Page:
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Concerned about whether your pet can get the Coronavirus?

We all have concerns about our own health during the pandemic, but you may also wonder if pets can get the Coronavirus? We guide you through the most recent advice and what steps to take if you think your pet may be affected.

What is a Coronavirus?

Coronavirus is the name given to members of a family of viruses with similar characteristics. These viruses are named ‘corona’ as they are surrounded by an envelope which appears to glow like the corona surrounding the sun when viewed under a microscope.

Can cats and dogs get Coronavirus?

Yes. Coronaviruses are found in a wide variety of animals, both domestic and exotic. They cause canine coronavirus gastroenteritis in dogs and Feline Infectious Peritonitis (FIP) in cats.

Birds, mice, pigs, cattle and turkeys all have specific diseases caused by coronavirus. Coronavirus is associated with respiratory infections in humans. 

What is COVID-19?

COVID-19 is a new disease caused by a coronavirus not previously found in humans. COVID-19 is an abbreviation of “coronavirus disease 2019”.  The name given to this new virus which causes COVID-19 is SARS-CoV-2, Severe Acute Respiratory Syndrome Coronavirus number 2. It is thought that this coronavirus previously existed in an animal reservoir but has now jumped to humans and is spreading person to person.

It appears that for the majority of people the symptoms of COVID-19 may be mild. Common signs of infection include respiratory symptoms, fever, cough, shortness of breath and breathing difficulties. In more severe cases, infection can cause pneumonia, severe acute respiratory syndrome, kidney failure and even death.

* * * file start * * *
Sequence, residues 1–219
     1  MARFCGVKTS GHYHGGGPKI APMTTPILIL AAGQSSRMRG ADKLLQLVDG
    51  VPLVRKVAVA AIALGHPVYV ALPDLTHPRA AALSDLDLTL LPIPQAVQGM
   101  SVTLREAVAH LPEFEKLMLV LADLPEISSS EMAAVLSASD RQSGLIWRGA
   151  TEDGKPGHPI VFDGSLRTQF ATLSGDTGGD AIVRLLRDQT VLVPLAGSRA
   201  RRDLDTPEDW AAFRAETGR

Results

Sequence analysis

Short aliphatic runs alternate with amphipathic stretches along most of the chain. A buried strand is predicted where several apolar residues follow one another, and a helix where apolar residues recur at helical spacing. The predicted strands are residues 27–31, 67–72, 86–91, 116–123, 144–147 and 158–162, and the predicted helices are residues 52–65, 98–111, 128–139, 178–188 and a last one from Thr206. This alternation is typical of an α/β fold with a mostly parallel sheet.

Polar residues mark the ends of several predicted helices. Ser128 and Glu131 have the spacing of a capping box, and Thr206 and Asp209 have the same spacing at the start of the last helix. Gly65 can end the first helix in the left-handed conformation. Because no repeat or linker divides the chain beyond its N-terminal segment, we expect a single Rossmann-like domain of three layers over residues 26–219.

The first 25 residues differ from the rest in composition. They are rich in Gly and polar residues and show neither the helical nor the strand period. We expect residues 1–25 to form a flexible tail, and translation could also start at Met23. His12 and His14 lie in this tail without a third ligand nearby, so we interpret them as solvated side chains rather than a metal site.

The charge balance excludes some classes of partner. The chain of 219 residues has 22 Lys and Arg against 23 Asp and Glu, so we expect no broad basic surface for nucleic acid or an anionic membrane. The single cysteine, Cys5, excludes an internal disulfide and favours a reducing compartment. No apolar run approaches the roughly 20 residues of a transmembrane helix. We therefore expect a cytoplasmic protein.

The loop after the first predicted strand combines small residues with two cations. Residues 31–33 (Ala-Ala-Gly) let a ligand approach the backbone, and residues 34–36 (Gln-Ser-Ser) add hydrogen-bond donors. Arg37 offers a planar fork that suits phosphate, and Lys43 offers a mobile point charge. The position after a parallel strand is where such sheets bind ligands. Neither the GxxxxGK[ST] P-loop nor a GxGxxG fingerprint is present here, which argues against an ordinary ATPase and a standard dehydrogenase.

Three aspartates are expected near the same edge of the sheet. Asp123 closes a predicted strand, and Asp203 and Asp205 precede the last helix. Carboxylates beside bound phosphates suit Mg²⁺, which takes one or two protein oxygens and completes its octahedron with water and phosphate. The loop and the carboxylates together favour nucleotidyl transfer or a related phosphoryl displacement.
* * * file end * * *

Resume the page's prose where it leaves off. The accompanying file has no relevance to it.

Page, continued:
Can cats and dogs get COVID-19?

There have been a few reported cases of pet cats and dogs catching COVID-19. It is a rare occurrence, and these pets have only shown mild clinical symptoms which lasted a few days. Symptoms pets with COVID-19 may have include:

  • Fever
  • Coughing
  • Shortness of breath
  • Lethargy (unusual laziness or sluggish)
  • Sneezing
  • Runny nose
  • Eye discharge
  • Vomiting
  • Diarrhoea

How can I protect my pet?

In the few cases where cats and dogs have become infected by COVID-19, there was close contact with an infected human, or shared airspace. There is currently no evidence of COVID-19 spreading between pets or transmitting from cats and dogs to humans.

Government advice is to wash your hands before and after any contact with your pet, their food or bedding. Animal fur can carry the COVID-19 virus for a short period of time, in the same way as other surfaces. There is no evidence to say that you should wash your pet to control the spread of the virus.

If you are self-isolating, then you should limit your contact with animals, for further details please read our blog

What should I do if I suspect my pet has COVID-19?

If you are concerned that your pet has developed any of the symptoms listed above, you should contact your vet. If your pet has been in contact with a person who is self-isolating or has had a positive COVID-19 test result, please inform your vet who will decide whether your pet needs to be tested.

Examination of the cat on the table at the vet

Written by Lindsay Rose MA VetMB CertAVP CertVBM MRCVS

Visit our blog to discover advice and tips from our vet team. 

*Guidance taken from British Veterinary Association (BVA), UK Department for Environment, Food & Rural Affairs, Centers for Disease Control and Prevention (CDC) and World Health Organisation (WHO) on 2nd Aug 2021.